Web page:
Jorge G. Castañeda
Time for America to Turn South
Whatever John Kerry does about Latin America if he is elected President of the United States in November, the election could initiate a sea-change in US-Latin American relations - even or perhaps mainly if George W. Bush is reelected. Kerry has never shown much interest in the region, while Bush has largely ignored it since the terrorist attacks of September 11, 2001. But the unlikely nature of a shift in relations does not make it any less necessary.
The need for change in America's policy toward the rest of the hemisphere is two-fold. First, never in recent times has anti-American sentiment run so strong and deep in Latin America. Poll after poll shows that Latins feel more negatively about the US than at any time since the 1960's. In contrast to that era, popular hostility is not really motivated by US actions in or toward Latin America; but today's anti-Americanism still complicates life greatly for democratic leaders in the hemisphere, and for America itself.
Second, and more importantly, the substantive issues of conflict on the US-Latin American agenda are heating up. They will not go away by themselves, and failure to address them will probably only make them worse.
The list of problems facing Latin America is long, but the salient themes are easily distinguishable. First and foremost is economic growth, which for the past few years - indeed, for the past two decades - has been dismal. In countries where trade and investment is concentrated in ties with the US, this is a central issue in the bilateral relationship.
At this stage, we know that free-trade agreements are useful, but are not silver bullets. The US has a much larger role to play than simply promoting trade liberalization in the region. The US must help these countries build up their infrastructure, educational and legal systems, competitiveness, and transparency. In all these areas, a pro-active policy of American support is crucial.
Why should the US bother? Why should it care whether Latin American countries closely linked to it by trade, investment, tourism, and retirees do better or worse, grow or stagnate, become more competitive or lose ground globally?
There are many reasons for the US to pay greater attention to Latin America, but three stand out. First, and perhaps least self-evident, is energy. Countries like Mexico, Venezuela, and Colombia supply up to 40% of US oil imports, and could easily replace unstable suppliers in the Middle East.
Second, America has a strong security interest in the region. Access to the US from many countries in Latin America is much easier than from Europe or Asia, owing to the volume of traffic, the number of flights, the comparative laxity of exit controls, and the porousness of borders. If the US, as its leaders clearly believe, will be threatened for years to come by terrorist groups, the latter will inevitably conclude, as millions have done before, that the easiest way into the US is through Latin America.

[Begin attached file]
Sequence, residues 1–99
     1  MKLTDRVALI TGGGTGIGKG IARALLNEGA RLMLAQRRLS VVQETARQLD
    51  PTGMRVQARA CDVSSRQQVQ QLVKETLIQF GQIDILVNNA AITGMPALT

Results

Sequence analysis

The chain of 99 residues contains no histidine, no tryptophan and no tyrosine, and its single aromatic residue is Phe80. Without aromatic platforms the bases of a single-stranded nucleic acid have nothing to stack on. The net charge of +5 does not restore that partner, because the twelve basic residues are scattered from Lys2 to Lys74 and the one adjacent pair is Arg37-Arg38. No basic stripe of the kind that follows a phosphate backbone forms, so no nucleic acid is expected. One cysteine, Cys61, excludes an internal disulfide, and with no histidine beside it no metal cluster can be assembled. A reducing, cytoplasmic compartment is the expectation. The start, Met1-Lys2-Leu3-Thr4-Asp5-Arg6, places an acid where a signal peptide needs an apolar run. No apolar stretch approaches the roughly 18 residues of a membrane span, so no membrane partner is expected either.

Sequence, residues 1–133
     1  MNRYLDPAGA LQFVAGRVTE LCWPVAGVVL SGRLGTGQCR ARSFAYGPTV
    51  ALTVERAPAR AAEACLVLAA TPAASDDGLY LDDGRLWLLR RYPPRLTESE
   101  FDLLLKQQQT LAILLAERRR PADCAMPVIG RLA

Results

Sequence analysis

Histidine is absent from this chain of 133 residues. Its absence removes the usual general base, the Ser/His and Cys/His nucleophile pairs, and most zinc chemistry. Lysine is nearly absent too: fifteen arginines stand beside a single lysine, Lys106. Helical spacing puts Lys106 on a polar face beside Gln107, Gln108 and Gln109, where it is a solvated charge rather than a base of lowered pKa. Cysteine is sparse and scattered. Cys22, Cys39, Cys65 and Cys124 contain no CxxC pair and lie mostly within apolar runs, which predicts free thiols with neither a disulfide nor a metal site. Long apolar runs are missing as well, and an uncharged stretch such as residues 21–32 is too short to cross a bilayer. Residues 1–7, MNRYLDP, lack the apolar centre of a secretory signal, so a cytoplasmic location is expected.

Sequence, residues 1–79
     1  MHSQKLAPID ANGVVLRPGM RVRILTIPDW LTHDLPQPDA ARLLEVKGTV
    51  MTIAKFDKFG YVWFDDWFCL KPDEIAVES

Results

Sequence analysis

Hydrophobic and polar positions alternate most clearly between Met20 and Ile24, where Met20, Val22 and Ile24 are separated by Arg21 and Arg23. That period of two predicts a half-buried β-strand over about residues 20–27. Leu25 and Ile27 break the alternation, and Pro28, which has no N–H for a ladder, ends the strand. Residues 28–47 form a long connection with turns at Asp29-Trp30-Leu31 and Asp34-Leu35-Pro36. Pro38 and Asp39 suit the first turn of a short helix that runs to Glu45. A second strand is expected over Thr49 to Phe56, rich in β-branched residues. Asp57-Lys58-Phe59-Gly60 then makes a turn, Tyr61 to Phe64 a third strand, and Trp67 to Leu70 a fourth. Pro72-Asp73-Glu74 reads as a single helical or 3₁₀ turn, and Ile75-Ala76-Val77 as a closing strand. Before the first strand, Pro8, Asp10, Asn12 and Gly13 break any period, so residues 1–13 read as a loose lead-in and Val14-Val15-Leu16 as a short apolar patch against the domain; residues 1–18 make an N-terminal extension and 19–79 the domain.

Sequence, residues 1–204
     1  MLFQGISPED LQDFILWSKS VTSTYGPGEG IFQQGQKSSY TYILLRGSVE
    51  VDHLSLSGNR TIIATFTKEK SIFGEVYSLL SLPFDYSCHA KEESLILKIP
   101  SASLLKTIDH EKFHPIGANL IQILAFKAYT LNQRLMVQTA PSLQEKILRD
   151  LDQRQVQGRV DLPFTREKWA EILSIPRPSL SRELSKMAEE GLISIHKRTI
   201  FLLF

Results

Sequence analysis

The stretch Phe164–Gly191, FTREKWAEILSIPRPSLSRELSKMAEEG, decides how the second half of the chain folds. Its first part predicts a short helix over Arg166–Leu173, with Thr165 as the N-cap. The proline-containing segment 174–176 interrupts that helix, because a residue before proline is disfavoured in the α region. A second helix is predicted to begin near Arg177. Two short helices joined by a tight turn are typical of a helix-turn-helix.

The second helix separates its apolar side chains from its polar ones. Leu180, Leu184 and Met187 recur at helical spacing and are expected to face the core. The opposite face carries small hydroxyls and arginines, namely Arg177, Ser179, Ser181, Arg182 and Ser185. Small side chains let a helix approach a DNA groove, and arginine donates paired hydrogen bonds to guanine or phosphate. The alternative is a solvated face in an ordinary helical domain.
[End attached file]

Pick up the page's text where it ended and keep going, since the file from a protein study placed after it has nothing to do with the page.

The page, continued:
Cooperation on security matters is desirable for America, and indispensable for the countries of the region. The consequences of a new terrorist outrage originating from any nation south of the US-Mexican border would be devastating for that country, let alone for the victims of such an attack.
But the most significant issue coming to the fore in hemispheric relations is immigration. Traditionally a Mexican, Central American, and Caribbean matter, it has now reached Brazil, Colombia, Venezuela, Ecuador, and beyond. Every flight from Sao Paulo to Mexico City carries dozens of low-income Brazilians, who have already paid their pollero , or "people-smuggler," to route them on from the Mexican capital to the northern border.
The New York Times recently published an exceptional description of Ecuadorian polleros transporting their human cargo to the coasts of Guatemala and then onward through Mexico to the US. Colombian displaced persons and Venezuela's middle class are fleeing to Miami. Most dramatically, more Mexicans than ever before are risking their lives and paying up to $3,000 to enter the "promised land."
Last year, I visited the main jumping-off point on the US-Mexican border: El Sasabe on the Sonora-Arizona border. In the month of May, before the summer's searing and deadly heat, local authorities estimated a daily average of 1,000 migrants attempting to cross. Another visit this year generated a new estimate: from 1,500 to 1,800 crossings every day.
America cannot stem this tide by closing its borders; but it can regulate the tide by legalizing and humanizing it, and by helping to create conditions in Latin America where life-threatening emigration is not the only way out. A first-term Kerry administration or a second-term Bush presidency must make this a high foreign policy priority.
All of these issues are crucial to the US: jobs, immigration, security, energy. But Latin America is deeply troubled; it needs decisive, bold leadership at home and imaginative, unwavering support abroad. Bush or Kerry - both can deliver the foreign support. It is in America's interest that they do.